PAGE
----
Timers

Timers are a way to keep track with the passage of time. They are volatile, meaning that they do not persist between saved games.

Creating a Basic Timer

To create a timer, pass a table of options to timer.start().

-- The function we want to run when the timer completes.
local function onTimerComplete()
    tes3.messageBox("30 seconds have passed!")
end

-- Create our timer to fire the above function after 30 seconds.
timer.start({ duration = 30, callback = onTimerComplete })

In the above example, we create a message box after 30 seconds.

Repeating a Timer

Timers can repeat, based on an iterations parameter. This can be used to define a timer that will trigger multiple times.

-- The function we want to run when the timer completes.
local function onTimerComplete()
    tes3.messageBox("A minute has passed!")
end

-- Create our timer to fire the above function every minute for 5 minutes.
timer.start({ duration = 60, callback = onTimerComplete, iterations = 5 })

Additionally, a value of -1 will create a timer that will repeat forever.

Controlling Timer State

A timer’s state (read through the .state property), can be timer.active, timer.paused, or timer.expired. An active timer is running normally. A paused timer doesn’t run, but can be resumed to pick back up where it left off. An expired timer has finished running (and has no more iterations).

A timer can be told to pause, resume, reset, or cancel.

-- Create a timer.
local myTimer = timer.start({ duration = 60, callback = onTimerComplete })

-- Pause the timer. It can be resumed again using myTimer:resume()
myTimer:pause()

-- Resume the timer. It's now active again.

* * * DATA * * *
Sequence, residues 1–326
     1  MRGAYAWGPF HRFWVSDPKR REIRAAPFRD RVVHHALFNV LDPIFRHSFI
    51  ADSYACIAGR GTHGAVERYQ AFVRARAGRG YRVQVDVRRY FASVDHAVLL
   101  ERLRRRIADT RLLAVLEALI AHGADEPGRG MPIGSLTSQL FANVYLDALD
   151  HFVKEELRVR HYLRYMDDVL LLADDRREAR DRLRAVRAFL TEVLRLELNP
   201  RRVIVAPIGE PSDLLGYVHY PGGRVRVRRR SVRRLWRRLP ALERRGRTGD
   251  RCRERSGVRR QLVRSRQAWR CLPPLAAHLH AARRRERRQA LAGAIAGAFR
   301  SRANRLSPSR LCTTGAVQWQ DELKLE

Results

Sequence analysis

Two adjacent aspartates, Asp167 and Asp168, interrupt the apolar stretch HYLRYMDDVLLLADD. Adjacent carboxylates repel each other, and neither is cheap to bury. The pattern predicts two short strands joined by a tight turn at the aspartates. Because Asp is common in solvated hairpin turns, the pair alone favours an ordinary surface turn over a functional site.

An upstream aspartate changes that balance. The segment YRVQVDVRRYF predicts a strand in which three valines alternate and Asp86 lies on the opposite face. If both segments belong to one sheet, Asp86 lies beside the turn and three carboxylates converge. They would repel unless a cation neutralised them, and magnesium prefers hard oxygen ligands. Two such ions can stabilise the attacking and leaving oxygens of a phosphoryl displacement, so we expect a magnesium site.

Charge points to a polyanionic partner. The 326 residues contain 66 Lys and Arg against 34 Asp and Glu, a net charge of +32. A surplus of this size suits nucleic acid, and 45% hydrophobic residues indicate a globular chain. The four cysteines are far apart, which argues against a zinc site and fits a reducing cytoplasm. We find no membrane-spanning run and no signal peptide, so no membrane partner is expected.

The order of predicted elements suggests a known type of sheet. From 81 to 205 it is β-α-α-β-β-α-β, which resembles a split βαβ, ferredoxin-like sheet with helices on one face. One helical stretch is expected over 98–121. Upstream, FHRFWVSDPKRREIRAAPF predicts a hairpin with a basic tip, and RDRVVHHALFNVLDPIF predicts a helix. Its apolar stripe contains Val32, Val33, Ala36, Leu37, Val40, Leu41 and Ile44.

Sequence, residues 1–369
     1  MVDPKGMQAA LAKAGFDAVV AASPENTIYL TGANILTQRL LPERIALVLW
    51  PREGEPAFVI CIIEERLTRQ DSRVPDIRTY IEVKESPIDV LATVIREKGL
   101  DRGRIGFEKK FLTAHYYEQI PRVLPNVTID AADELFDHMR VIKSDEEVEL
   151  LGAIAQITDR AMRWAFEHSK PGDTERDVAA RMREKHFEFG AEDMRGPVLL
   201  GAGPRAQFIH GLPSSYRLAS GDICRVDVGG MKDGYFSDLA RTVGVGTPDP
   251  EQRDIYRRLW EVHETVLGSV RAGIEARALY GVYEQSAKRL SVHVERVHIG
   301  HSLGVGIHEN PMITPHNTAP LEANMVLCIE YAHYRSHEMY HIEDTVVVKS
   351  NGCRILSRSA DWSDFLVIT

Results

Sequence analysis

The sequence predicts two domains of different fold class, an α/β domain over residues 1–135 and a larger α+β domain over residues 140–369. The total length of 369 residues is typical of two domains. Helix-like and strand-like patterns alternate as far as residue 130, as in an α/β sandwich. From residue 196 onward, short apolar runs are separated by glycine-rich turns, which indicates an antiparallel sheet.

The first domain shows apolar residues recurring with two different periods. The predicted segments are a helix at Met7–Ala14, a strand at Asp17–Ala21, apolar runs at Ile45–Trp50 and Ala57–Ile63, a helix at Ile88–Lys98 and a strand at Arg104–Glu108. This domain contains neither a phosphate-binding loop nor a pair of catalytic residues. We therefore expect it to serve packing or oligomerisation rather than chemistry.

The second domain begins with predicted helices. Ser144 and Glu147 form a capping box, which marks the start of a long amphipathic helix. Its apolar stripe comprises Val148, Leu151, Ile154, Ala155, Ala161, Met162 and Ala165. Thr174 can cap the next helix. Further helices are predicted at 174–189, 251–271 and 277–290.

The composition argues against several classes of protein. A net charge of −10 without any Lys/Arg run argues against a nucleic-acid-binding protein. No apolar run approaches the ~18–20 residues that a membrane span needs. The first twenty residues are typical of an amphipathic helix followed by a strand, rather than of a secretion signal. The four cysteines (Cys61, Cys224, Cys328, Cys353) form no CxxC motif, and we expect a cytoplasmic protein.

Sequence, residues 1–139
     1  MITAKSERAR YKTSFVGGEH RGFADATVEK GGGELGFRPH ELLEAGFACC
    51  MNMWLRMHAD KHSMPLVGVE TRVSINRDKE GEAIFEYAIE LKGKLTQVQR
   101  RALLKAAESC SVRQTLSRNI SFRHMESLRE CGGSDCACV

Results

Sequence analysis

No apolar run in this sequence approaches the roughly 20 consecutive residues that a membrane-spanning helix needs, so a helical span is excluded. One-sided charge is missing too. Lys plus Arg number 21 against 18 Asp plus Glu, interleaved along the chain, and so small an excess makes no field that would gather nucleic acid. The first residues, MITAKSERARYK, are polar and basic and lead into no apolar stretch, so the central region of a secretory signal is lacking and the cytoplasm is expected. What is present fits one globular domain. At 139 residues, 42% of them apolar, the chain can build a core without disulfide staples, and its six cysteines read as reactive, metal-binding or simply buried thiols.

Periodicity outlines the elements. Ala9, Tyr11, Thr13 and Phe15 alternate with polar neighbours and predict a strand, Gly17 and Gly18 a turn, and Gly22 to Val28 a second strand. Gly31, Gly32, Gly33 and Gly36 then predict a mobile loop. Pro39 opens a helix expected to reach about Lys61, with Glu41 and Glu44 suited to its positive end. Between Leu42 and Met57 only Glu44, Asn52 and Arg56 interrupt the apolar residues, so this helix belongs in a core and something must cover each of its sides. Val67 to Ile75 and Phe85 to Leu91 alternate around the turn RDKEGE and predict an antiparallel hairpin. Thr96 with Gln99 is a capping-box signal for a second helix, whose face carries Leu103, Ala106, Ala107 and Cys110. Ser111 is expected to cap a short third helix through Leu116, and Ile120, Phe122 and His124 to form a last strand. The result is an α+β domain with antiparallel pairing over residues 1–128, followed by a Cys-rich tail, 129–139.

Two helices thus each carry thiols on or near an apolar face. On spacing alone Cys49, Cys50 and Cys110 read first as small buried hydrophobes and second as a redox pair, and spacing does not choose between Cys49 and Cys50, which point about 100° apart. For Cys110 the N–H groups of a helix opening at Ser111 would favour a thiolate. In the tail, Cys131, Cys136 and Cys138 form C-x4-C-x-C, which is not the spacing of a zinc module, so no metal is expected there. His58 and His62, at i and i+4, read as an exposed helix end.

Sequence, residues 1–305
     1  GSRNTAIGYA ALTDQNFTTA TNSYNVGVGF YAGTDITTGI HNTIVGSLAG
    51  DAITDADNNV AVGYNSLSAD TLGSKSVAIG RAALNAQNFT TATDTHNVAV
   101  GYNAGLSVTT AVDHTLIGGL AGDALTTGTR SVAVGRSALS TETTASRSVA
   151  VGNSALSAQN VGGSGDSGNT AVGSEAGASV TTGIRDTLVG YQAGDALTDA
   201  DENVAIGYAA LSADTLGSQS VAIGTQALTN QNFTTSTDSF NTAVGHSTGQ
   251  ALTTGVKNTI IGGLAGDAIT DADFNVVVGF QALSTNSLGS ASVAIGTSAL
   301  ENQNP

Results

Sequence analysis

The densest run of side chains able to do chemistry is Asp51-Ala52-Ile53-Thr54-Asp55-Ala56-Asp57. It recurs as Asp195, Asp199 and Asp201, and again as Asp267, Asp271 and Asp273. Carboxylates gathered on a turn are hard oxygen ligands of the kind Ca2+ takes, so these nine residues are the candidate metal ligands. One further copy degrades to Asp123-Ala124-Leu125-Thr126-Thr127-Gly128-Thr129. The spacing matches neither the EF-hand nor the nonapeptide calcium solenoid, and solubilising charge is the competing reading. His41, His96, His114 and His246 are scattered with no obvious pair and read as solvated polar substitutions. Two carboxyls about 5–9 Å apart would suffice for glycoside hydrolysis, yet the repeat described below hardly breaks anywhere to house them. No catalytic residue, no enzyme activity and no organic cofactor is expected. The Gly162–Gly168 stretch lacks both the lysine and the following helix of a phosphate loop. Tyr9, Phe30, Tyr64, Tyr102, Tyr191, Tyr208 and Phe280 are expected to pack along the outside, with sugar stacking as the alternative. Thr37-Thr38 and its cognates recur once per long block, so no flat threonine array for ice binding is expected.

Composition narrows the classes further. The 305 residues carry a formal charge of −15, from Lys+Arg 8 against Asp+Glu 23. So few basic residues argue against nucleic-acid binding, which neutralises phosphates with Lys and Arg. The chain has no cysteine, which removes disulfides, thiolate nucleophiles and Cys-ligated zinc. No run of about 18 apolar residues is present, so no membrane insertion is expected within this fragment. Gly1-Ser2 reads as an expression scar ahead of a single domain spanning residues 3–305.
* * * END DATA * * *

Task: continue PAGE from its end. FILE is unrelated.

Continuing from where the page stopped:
myTimer:resume()

-- Reset the timer. It will take 60 seconds from right now to finish.
myTimer:reset()

-- Cancel the timer. We will no longer care about it.
myTimer:cancel()

Creating Different Types of Timers

Three different types of timers are available, though an advanced user can create their own types of timers and manage their clock cycles. The default types are:

  • Real, defined by timer.real. Real timers operate primarily on real time, incrementing seconds whenever the game window is active.
  • Simulate, defined by timer.simulate. Simulate timers operate much like real timers, incrementing seconds but only when the game is simulating (i.e. not in menu mode). This is the default type of timer.
  • Game, defined by timer.game. Game timers operate by game hour, matching game time.
-- Create a timer that ends after 60 seconds.
local myTimer = timer.start({ duration = 60, callback = onTimerComplete, type = timer.real })

-- Create a timer that ends after 30 unpaused seconds.
local myTimer = timer.start({ duration = 30, callback = onTimerComplete, type = timer.simulate })

-- Create a timer that ends after 4 game hours.
local myTimer = timer.start({ duration = 4, callback = onTimerComplete, type = timer.game })